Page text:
Reading is the main vehicle through which children will discover essential knowledge. Reading is the driving force behind our curriculum and promoted at every opportunity. At Rosherville, you will see reading to pupils, reading with pupils and reading by pupils.
Our reading curriculum strives to foster a lifelong love of reading. This curriculum is delivered through synthetic phonics, guided reading, home reading, reading across the curriculum, regular opportunities for independent reading and hearing quality texts read aloud every day. All of these are essential components as they offer the range of opportunities needed to develop fluent, enthusiastic and critical readers.
We build a language rich environment where we ensure all children have access to fiction, non-fiction, rhymes and poetry. Our teachers have an excellent knowledge of children’s literature and have carefully chosen high quality texts for our children to become familiar with and enjoy listening to and reading both at school, and at home with their families. These texts are intentionally chosen to support our curriculum themes of exploration, global responsibility, creativity, sense of self, comparison and service to develop pupils’ vocabulary, language comprehension and a love of reading.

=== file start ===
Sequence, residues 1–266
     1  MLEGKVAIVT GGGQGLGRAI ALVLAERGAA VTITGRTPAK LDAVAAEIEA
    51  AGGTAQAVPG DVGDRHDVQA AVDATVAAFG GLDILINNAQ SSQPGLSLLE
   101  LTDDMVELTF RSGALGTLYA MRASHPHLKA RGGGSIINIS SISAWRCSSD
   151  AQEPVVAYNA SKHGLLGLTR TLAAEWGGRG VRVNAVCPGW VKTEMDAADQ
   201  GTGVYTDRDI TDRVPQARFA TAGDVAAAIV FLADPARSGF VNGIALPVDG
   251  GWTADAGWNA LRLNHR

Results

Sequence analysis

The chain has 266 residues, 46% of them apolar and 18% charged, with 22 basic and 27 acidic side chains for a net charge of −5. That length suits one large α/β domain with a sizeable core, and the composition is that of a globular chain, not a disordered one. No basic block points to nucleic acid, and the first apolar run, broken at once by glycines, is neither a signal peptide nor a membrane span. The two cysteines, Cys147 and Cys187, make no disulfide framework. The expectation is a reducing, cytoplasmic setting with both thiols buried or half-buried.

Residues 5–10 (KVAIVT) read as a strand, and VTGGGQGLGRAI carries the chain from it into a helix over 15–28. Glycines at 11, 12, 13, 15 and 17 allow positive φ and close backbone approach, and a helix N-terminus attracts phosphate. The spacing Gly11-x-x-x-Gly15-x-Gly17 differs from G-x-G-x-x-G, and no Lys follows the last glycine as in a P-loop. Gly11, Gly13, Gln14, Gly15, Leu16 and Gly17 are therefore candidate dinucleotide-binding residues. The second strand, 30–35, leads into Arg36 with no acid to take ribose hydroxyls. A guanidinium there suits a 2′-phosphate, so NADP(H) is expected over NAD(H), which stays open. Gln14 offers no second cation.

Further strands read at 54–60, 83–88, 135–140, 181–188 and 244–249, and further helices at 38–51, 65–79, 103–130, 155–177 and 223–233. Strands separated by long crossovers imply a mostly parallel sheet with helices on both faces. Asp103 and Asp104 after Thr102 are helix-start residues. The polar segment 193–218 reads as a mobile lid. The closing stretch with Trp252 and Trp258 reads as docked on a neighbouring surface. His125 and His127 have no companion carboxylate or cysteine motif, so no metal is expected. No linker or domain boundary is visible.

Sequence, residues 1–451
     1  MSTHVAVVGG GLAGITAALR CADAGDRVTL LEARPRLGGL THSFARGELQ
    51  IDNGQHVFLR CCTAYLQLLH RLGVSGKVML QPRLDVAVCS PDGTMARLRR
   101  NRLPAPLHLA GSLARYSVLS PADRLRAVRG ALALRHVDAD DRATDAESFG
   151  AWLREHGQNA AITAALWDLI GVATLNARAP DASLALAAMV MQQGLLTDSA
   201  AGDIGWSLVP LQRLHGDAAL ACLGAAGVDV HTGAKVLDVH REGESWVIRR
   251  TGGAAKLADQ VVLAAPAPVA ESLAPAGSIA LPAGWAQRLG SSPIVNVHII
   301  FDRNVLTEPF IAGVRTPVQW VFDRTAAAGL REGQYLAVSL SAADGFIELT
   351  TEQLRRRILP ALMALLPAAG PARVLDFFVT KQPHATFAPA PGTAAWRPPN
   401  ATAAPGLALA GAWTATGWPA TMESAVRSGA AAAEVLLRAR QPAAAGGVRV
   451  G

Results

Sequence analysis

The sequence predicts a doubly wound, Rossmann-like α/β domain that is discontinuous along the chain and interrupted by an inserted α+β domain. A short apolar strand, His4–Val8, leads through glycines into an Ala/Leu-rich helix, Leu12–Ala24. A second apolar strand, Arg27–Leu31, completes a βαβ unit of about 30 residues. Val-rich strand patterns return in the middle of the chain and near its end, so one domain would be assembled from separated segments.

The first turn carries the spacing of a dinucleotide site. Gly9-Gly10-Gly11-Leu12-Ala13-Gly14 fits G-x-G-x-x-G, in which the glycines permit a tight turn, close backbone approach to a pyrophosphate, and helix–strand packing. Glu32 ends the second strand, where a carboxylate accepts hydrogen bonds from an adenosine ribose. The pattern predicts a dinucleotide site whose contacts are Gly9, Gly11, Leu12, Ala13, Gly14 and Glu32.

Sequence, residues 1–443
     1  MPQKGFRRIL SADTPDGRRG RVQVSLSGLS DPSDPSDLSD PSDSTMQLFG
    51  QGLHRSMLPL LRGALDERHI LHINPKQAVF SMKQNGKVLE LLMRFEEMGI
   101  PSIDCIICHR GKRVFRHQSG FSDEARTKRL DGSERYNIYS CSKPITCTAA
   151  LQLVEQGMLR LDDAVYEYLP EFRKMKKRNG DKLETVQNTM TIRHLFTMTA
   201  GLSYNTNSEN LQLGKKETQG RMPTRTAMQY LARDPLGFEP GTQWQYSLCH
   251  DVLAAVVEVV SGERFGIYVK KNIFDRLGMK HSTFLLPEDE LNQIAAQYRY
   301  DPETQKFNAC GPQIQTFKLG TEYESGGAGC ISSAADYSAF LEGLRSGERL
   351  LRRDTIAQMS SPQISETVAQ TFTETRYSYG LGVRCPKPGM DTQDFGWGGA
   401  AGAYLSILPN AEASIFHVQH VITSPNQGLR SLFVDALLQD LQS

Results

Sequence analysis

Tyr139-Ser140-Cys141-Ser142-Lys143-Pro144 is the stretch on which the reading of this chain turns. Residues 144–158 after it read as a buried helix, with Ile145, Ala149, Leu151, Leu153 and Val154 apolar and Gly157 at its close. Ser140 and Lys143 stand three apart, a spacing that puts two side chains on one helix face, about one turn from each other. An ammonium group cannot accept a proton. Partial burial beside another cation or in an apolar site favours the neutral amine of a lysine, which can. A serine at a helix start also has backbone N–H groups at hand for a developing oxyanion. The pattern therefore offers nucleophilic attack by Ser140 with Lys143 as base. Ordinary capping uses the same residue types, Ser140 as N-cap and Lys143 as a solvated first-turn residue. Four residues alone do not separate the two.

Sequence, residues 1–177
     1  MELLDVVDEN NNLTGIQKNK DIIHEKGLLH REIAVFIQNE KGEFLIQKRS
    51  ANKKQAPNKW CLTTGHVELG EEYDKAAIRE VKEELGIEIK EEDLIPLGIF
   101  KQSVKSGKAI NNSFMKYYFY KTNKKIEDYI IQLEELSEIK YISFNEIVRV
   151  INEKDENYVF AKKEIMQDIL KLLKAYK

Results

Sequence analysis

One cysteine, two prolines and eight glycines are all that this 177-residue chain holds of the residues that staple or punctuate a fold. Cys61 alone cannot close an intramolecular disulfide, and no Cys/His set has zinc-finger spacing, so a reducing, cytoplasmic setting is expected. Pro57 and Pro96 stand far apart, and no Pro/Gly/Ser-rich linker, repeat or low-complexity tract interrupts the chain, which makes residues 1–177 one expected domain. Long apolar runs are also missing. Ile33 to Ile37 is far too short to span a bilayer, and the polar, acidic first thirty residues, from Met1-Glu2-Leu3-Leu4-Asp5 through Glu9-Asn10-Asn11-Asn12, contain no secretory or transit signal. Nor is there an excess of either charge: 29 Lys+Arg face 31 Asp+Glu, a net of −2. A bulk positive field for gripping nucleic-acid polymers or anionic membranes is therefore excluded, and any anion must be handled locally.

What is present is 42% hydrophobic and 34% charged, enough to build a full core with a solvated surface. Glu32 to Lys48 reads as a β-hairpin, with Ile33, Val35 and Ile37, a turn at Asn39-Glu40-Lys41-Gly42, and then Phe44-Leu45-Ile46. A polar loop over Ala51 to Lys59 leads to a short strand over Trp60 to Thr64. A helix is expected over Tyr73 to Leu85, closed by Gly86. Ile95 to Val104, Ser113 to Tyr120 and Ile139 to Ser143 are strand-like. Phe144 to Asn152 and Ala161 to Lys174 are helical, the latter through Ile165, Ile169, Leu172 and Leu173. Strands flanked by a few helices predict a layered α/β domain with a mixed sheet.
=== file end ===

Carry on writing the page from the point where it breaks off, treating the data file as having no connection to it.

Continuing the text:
We want to take every opportunity possible to enhance the cultural capital of our learners to equip them with the knowledge and experiences needed for society and the desire to aspire and achieve social mobility whatever their starting point. One way in which we promote cultural capital via reading is by providing and exposing our children to a range of texts, from different genres, that have been written by authors from a wide range of backgrounds to promote cultural and moral learning.